It has been announced that Walter Frederick “Fritz” Mondale, former vice president to Jimmy Carter and himself a presidential candidate, has died, aged 93. A senator, a vice president, and an ambassador in later life, Mondale served his country in many ways, but he will perhaps be best remembered for two things: redefining the role of a vice president and being the man chosen to face Ronald Reagan in the 1984 election.
President Jimmy Carter said of his passing that:
“Today, I mourn the passing of my dear friend Walter Mondale, who I consider the best vice president in our country’s history. During our administration, Fritz used his political skill and personal integrity to transform the vice presidency into a dynamic, policy-driving force that had never been seen before and still exists today.”
A Unique Legacy
Mondale served his president by undertaking special envoy missions to foreign countries, participating in top-level diplomatic meetings, and being a soundboard for Carter’s ideas – and not always a receptive one. This cut and thrust in the White House is something Americans have now come to expect as normal, yet it was not often the case before the “Grits and the Fritz” ticket of 1976.
He was a man of wry humor that was all too often overlooked. When he bailed out of the 1976 presidential sweepstakes, he cited his reason as being that he did not want to spend the next two years living in Holiday Inns. When this was brought up to him after he joined the Carter ticket, he said, “I’ve checked and found that they’re all redecorated, and they’re marvelous places to stay.”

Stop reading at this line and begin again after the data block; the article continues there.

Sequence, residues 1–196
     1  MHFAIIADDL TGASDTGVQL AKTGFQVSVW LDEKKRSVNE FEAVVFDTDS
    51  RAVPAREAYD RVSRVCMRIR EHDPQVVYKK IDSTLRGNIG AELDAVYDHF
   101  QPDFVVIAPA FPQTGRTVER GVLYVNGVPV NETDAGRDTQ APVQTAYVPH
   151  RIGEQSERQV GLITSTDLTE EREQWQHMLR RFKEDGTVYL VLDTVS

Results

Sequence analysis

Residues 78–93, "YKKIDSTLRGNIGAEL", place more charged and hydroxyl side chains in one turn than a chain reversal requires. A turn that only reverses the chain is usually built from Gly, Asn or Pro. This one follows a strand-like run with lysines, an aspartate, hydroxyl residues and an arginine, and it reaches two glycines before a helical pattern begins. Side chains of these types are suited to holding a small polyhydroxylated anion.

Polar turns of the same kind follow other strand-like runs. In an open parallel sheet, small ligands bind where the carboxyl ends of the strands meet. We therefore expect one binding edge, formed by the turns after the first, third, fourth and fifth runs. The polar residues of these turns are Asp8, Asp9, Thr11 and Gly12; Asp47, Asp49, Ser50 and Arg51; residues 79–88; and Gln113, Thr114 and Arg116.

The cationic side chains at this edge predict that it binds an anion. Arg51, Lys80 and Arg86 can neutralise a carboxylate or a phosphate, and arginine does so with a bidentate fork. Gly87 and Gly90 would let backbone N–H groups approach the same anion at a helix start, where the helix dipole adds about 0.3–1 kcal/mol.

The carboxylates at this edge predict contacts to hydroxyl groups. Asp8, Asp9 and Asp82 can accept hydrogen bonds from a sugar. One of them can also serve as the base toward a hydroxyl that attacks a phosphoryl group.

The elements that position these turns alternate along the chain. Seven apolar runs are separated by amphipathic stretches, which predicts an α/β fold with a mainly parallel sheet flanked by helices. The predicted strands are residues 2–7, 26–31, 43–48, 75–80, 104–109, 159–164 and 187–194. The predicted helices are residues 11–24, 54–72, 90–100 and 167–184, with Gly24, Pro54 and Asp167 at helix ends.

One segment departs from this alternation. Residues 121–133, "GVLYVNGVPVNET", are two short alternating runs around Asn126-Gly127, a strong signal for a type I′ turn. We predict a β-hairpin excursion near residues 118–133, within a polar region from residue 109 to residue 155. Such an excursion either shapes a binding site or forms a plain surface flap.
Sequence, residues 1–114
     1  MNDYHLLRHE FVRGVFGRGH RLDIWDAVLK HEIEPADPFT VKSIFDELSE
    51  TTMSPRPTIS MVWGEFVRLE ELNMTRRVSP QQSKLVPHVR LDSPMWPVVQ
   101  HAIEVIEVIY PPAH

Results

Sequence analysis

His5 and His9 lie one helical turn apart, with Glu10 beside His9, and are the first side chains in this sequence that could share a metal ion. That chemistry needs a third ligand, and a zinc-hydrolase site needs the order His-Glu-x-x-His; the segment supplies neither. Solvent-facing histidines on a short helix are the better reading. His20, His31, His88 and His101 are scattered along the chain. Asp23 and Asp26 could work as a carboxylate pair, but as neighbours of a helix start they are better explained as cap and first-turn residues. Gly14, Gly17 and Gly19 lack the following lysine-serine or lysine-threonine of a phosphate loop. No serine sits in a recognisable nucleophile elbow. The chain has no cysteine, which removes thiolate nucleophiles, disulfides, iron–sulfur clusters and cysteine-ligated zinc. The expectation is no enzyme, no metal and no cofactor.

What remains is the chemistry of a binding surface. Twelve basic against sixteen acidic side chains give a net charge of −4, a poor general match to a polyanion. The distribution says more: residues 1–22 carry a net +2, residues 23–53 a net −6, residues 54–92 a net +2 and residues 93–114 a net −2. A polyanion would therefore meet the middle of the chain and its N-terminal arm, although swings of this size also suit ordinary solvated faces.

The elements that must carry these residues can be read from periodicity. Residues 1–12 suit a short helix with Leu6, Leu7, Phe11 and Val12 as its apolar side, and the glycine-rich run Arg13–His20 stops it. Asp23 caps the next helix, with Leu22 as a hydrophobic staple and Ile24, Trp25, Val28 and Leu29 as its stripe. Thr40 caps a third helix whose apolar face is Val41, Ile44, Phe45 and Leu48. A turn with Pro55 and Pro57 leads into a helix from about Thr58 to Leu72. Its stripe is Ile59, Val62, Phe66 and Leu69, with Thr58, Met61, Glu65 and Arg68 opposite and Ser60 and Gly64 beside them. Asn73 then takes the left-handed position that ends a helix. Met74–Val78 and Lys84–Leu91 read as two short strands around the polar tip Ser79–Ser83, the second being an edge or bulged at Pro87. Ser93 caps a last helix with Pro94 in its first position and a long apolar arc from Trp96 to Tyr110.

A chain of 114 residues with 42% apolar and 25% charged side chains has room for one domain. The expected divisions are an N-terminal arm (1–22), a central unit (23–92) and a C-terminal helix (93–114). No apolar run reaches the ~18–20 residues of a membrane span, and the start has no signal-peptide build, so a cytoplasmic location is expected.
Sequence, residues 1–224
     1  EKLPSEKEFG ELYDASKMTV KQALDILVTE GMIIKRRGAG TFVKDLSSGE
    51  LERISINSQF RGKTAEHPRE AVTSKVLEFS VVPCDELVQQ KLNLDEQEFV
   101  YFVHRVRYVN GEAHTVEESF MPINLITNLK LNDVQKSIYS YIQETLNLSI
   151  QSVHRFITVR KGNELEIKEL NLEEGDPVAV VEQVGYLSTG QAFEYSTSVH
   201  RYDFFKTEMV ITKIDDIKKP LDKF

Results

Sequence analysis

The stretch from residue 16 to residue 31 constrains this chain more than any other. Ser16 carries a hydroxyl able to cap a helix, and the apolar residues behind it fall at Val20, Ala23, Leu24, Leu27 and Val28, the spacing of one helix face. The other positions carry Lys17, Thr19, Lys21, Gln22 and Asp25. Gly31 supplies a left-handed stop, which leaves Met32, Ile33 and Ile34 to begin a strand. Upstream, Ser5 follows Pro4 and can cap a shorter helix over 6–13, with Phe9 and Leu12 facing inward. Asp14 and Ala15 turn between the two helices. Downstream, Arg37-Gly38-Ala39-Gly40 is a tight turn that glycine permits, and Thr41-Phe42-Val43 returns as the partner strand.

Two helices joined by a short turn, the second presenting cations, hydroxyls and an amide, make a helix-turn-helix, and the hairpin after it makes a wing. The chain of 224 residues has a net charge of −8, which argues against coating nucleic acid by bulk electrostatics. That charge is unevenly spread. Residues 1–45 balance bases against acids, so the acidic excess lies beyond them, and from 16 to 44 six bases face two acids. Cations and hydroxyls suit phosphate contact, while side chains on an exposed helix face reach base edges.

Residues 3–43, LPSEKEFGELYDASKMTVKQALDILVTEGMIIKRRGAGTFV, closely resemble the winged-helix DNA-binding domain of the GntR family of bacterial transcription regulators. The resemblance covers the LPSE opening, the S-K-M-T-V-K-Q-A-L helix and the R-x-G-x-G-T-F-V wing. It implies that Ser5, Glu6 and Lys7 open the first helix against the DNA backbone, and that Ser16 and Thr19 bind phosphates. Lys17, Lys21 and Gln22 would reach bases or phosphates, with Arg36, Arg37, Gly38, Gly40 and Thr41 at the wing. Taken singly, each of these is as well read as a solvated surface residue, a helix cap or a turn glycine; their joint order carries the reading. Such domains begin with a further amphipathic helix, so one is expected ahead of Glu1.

After Carter’s loss in 1980 to Ronald Reagan, Mondale took a step back … but only a small one. He positioned himself to win the next Democratic presidential nomination and launched a spirited campaign to unseat the former California governor. The 1984 election was, however, a crushing defeat for Mondale, who lost the popular vote by 18% and won only 13 Electoral College votes – the District of Columbia and his home state of Minnesota. Reagan swept his record 525 votes. Mondale said of his loss:
“While my opponent was handing out rose petals, I was handing out coal … I did not communicate hope and opportunity … I’m not trying to excuse what happened in 1984 on the basis of television technique, even though I think Reagan’s a genius and I’m not very good at it.”
Calling It A Day
Despite a lengthy career in public service, Mondale perhaps understood something that so many of the present Washington D.C. crop fail to grasp: there is always room for new blood. In 1989, Democrats urged him to stand once again for the Senate, but he refused, saying, “One of the requirements of a healthy party is that it renews itself … You can’t keep running Walter Mondale for everything.”
Read more from Mark Angelides.